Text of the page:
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Internet Related/Filtering/Firewall Thread, Google says bye bye to Active Sync in Technical; Just seen this: Official Google Blog: Winter cleaning I don't use google services but for those who do, this is ...
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    nickbro's Avatar
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    Google says bye bye to Active Sync

    Just seen this: Official Google Blog: Winter cleaning

    I don't use google services but for those who do, this is just crap. Exchange Active Sync may not be "open source" but it is much better than the "open" alternatives google are pushing.

    1) Supports full push emails
    2) Supports business settings (i.e. encryption, require passcodes, etc...)
    3) Supports remote device wiping

    I'm just glad I'm using outlook.com/office 365/exchange and Windows Phone 8.

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    Windows Phone 8 users had better setup GMail before the end of January, otherwise they will have to pay for a Google Apps account or hope Microsoft come up with a solution.

    For Windows Phone users, the news out of Google today couldn't be much worse.

    The company announced it's removing support for Microsoft's Exchange ActiveSync protocol for new devices from 30th January 2013. Google Apps for business accounts will be unaffected and existing devices that are setup to sync mail, calendar, and contacts will work fine, but new devices will not be able to use the Exchange ActiveSync protocol with Gmail. It's a big blow to Windows Phone and part of a bigger feud between the companies over the past few months.

    For iOS, Google's email solution is IMAP support and a dedicated Gmail app, CalDAV for calendar, and CardDAV for contacts. Apple and Google both support CalDAV and CardDAV natively, but Microsoft has chosen not to support either standard in Windows Phone 8… yet. This leaves Windows Phone users in a tricky position: at present, they’re offered two choices to set up a Google account. You can pick between email only or a combination of email, calendar, and contacts. The email-only option will set up an IMAP connection to Gmail which won't support push — it’ll sync every 15 minutes at best. The second option with calendar and contacts lets Windows Phone 8 users setup a Gmail connection using Exchange ActiveSync, with push email, calendars, and contacts. This solution will cease working from January 30th for new devices, leaving Microsoft little over a month to provide an acceptable alternative for end users.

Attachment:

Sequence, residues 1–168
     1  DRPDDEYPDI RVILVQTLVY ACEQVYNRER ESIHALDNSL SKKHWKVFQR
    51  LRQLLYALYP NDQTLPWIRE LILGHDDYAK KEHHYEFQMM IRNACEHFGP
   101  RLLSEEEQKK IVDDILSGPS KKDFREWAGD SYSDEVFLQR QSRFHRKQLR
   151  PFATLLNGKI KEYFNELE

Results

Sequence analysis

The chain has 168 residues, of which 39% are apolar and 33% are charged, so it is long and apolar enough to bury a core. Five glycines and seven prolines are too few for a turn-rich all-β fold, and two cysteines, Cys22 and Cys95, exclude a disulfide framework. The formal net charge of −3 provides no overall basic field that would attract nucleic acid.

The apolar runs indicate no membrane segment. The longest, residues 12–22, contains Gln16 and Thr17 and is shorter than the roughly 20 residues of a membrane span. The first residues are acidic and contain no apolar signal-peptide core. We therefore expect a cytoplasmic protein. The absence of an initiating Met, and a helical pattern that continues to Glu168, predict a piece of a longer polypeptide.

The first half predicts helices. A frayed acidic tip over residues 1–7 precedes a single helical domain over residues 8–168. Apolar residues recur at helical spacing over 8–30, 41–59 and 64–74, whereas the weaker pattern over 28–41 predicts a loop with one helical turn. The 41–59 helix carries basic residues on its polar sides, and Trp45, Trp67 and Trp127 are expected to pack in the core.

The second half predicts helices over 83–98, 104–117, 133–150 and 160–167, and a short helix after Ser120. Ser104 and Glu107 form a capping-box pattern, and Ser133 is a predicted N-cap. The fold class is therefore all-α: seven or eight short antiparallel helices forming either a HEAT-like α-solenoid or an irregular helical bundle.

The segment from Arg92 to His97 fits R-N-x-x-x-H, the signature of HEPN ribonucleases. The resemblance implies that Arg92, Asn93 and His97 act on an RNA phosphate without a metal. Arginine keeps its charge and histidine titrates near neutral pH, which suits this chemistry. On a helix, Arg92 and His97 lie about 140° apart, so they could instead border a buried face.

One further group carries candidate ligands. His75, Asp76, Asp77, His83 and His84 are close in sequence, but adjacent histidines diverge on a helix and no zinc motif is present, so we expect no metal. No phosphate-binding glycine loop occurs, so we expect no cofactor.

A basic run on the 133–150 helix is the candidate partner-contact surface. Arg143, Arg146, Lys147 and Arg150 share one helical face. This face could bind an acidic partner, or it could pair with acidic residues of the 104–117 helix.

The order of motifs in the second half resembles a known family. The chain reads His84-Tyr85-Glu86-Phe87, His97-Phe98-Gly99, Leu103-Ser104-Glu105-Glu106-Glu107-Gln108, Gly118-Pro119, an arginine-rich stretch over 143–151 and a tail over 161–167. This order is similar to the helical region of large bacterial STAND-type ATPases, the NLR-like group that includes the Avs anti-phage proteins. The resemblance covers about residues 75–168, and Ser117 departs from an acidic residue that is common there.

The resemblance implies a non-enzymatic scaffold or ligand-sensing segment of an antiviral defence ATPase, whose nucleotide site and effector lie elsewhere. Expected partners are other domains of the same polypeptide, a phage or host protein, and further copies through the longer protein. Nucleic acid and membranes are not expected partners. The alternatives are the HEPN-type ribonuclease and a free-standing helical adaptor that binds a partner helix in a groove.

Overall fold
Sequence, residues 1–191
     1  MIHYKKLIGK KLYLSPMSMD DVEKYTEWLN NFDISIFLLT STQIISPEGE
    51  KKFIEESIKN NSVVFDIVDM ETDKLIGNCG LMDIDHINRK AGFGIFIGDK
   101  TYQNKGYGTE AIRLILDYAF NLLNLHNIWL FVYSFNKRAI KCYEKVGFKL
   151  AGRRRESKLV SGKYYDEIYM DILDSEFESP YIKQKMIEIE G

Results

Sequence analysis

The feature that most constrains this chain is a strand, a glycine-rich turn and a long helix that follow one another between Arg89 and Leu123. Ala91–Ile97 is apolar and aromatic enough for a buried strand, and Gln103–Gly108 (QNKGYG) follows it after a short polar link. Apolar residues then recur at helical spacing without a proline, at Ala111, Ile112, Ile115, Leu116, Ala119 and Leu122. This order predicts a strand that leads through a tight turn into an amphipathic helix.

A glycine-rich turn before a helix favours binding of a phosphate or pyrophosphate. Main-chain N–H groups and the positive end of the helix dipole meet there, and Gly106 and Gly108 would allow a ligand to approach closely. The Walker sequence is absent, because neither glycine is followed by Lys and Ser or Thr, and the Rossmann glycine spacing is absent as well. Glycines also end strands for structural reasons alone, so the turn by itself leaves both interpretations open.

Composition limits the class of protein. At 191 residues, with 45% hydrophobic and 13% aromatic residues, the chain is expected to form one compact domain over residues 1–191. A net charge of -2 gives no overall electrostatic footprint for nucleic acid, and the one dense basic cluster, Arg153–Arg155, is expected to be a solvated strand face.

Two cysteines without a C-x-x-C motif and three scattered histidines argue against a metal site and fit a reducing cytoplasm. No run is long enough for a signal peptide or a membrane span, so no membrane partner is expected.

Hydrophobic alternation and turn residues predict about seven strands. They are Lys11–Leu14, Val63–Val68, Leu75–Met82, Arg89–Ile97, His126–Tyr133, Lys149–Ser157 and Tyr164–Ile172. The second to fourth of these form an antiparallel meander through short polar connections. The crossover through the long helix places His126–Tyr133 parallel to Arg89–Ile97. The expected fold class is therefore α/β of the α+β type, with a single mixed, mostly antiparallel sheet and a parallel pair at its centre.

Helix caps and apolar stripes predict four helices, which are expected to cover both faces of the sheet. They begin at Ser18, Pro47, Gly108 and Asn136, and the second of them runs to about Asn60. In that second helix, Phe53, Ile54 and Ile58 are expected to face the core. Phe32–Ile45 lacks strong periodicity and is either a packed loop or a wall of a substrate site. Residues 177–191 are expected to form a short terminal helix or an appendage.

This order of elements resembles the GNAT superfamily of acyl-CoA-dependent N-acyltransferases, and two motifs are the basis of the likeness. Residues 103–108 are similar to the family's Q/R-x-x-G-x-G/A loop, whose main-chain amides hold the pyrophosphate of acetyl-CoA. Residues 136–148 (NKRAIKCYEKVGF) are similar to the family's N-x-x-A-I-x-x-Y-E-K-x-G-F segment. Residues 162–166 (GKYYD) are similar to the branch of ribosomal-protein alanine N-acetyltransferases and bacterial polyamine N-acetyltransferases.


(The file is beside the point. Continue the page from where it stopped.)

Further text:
Google is not providing a Gmail app for Windows Phone users, and the company recently revealed it has "no plans to build out Windows apps" beyond a search app available on Windows 8 and Windows Phone. (Source)

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    SYNACK's Avatar
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    This is where oss pissed me off, there is a far better solution but they chose to use the rubbish one thanks to politics.

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    Urgh! I use it with my free google apps account to sync contacts with my iPhone. Looks like i will be switching to Office 365.

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    Quote Originally Posted by SYNACK View Post
    This is where oss pissed me off, there is a far better solution but they chose to use the rubbish one thanks to politics.
    Money and politics. I assume Google have to license active sync from MS.


    Quote Originally Posted by FN-GM View Post
    Urgh! I use it with my free google apps account to sync contacts with my iPhone. Looks like i will be switching to Office 365.
    They just replaced a set of proprietary and licensed standards with open ones. (Nothing whatsoever to do with open source BTW). MS could easily implement IMAP,caldav,cardav if they wanted to and run it alongside exchange protocols - most other systems use other open standards so it would make sense to support it. I can't see why it would affect Google account to iPhone sync as apple supports and used the open protocols (I think they wrote some of it). it will be a bigger problem for ms users

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    ZeroHour's Avatar
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    Quote Originally Posted by CyberNerd View Post
    They just replaced a set of proprietary and licensed standards with open ones. (Nothing whatsoever to do with open source BTW). MS could easily implement IMAP,caldav,cardav if they wanted to and run it alongside exchange protocols - most other systems use other open standards so it would make sense to support it. I can't see why it would affect Google account to iPhone sync as apple supports and used the open protocols (I think they wrote some of it). it will be a bigger problem for ms users
    iPhone users wont get push without having to install the crappy app btw as I dont think it supports IDLE (which is inferior/slow according to reports)

    This is purely a childish move by google and its to be expected...
    This will mean o365 gets a boost along with Outlook.com as activsync is supported on a HUGE amount of phones new and old.
    If MS is smart they will come out with a "migrate to outlook.com" page which moves the data out of google and into outlook along with contacts etc.

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    Quote Originally Posted by ZeroHour View Post
    This is purely a childish move by google and its to be expected...
    .